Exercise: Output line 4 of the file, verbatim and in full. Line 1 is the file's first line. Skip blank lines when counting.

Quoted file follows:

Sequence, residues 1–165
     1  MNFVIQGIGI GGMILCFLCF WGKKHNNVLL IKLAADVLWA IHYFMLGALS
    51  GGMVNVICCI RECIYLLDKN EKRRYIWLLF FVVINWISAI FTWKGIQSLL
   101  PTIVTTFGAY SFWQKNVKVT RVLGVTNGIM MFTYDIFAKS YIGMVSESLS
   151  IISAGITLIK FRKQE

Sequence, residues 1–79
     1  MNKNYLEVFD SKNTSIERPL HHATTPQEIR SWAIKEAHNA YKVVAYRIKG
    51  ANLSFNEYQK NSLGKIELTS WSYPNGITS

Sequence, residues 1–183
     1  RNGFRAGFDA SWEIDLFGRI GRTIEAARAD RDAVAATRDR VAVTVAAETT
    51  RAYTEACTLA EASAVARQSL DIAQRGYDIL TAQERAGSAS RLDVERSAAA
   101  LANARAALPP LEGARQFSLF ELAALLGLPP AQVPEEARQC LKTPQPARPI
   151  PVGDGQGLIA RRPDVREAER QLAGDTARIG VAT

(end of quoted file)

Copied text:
   101  PTIVTTFGAY SFWQKNVKVT RVLGVTNGIM MFTYDIFAKS YIGMVSESLS